As we commemorate International Holocaust Remembrance Day on January 27th the world is reminded of the horrors of the past and the ongoing commitment, to ensuring that such atrocities never recur. This year marks the anniversary of the liberation of Auschwitz Birkenau, a Nazi concentration camp that serves as a powerful symbol of the unspeakable acts committed during the Holocaust. This day not only honours and remembers the six million Jewish victims but also prompts us to reflect on the hundreds of thousands of Roma and other individuals who endured immense suffering under Nazi persecution.
Given the events particularly the abhorrent terrorist attacks carried out by Hamas against Israel on October 7 2023, the importance of this day has become even more profound. President von der Leyen’s statements in advance of International Holocaust Remembrance Day emphasize the growing presence of antisemitism, in Europe. Shed light on the renewed anxieties faced by European Jews.
“No parent should be afraid to send their children to school,” von der Leyen stated, condemning the bullying, harassment, and attacks on Jewish individuals, as well as the vandalism of synagogues and desecration of Jewish cemeteries.
The President emphasized the need for unity and support for Jewish communities, asserting, “There is no place for antisemitic hatred, especially here in Europe. And there is no justification for antisemitism.” This call to action is a reminder of the dark times in history and the importance of standing together against hatred.
The European Commission has taken measures to address antisemitism and promote Jewish life. On October 5 2021 they introduced their ever strategy to support EU countries and civil society in this regard. Additionally, on November 6 2023, the Commission released a communication titled “No place for hate; a Europe united against hatred ” which further showcases their dedication to protecting spaces and countering online hatred.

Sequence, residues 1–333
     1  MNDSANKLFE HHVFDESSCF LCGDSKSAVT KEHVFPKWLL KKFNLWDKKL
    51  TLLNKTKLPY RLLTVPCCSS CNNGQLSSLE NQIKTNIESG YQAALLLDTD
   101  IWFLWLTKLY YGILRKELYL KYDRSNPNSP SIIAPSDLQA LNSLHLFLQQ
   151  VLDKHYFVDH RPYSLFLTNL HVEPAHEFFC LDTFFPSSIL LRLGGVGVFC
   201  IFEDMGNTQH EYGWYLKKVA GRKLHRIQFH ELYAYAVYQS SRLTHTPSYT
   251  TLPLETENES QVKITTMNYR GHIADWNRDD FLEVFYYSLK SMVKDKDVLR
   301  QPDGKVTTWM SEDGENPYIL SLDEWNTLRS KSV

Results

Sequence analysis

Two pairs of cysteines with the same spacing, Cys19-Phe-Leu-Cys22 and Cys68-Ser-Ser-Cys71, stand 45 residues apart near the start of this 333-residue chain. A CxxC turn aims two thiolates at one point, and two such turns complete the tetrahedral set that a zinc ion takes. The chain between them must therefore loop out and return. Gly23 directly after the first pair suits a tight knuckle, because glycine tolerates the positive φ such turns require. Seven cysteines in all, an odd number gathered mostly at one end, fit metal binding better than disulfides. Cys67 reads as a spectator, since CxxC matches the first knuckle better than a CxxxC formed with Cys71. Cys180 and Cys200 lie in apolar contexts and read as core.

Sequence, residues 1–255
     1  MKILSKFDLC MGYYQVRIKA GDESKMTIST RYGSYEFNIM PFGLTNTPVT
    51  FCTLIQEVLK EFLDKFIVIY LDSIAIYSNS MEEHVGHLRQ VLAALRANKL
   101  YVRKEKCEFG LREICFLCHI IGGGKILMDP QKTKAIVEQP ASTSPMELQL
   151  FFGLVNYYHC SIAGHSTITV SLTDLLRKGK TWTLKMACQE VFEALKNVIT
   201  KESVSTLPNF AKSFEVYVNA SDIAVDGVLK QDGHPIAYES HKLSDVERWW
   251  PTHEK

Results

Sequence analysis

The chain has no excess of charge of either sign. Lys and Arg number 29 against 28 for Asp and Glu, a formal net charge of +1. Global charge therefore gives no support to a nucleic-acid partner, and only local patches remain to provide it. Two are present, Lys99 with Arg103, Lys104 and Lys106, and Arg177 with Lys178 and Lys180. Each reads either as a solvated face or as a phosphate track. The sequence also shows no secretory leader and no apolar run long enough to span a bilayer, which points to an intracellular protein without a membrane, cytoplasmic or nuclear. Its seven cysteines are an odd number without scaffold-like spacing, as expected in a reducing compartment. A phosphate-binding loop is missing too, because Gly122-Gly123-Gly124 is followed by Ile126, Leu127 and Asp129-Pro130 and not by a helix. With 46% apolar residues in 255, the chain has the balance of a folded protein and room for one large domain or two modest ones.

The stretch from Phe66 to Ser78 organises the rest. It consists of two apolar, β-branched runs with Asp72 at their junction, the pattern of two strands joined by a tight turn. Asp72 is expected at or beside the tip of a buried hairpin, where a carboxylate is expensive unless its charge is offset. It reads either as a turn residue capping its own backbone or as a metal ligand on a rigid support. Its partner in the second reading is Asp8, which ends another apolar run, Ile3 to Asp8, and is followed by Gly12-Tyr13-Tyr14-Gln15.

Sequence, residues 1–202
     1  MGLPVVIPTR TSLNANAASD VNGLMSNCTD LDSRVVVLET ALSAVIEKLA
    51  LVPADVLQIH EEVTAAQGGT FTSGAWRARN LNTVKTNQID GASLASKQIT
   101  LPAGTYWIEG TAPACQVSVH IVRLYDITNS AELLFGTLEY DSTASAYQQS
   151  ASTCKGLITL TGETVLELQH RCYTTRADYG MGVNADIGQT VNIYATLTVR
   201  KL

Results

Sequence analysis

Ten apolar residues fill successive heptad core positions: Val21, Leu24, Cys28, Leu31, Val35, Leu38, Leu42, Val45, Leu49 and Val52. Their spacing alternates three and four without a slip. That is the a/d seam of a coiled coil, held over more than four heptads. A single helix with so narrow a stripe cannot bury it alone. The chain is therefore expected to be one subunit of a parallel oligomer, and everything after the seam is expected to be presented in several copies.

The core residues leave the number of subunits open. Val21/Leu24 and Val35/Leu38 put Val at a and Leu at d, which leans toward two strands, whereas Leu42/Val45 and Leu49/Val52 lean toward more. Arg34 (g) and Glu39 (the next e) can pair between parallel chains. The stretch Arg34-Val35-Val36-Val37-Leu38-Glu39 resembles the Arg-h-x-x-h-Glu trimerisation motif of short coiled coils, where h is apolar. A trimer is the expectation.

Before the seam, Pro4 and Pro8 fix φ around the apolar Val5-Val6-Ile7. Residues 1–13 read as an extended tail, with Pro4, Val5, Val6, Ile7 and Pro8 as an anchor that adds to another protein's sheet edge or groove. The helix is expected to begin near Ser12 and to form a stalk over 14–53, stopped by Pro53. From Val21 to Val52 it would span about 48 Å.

Preserving the memory of the Holocaust is of importance, especially as we are losing the last survivors. To achieve this the EU Strategy on combating antisemitism has implemented a flagship action called the ‘Network of Places Where the Holocaust Happened.’ This initiative aims to safeguard sites for educational and commemorative purposes.
The European Commission‘s efforts are not limited to Europe alone; they have also launched campaigns like #ProtectTheFacts and other initiatives that combat Holocaust distortion. These endeavours play a role in raising awareness and preventing future genocidal acts. The United Nations General Assembly Resolution on Holocaust Remembrance similarly underscores the significance of education and preserving Holocaust sites.
As part of their commitment to fighting racism and discrimination, the European Commission will allocate over €14 million, from EU funding in 2024 to support projects focused on European Remembrance. This financial support aims to strengthen remembrance efforts enhance education and research in this area as well as combat denial and distortion surrounding the Holocaust.
On this International Holocaust Remembrance Day, let us heed President von der Leyen’s words: “If Europe fails the Jews, Europe will have failed us all. Never again is now!” It is our collective duty to remember the past and ensure a future where Jewish life can thrive without fear, and where antisemitism finds no shelter.